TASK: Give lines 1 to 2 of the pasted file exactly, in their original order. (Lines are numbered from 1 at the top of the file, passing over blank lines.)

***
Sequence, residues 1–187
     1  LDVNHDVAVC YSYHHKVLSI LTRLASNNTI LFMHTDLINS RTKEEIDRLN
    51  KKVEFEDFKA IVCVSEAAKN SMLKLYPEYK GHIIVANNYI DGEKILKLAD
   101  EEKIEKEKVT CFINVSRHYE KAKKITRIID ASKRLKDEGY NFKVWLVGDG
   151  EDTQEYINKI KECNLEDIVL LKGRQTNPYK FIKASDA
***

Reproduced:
Sequence, residues 1–187
     1  LDVNHDVAVC YSYHHKVLSI LTRLASNNTI LFMHTDLINS RTKEEIDRLN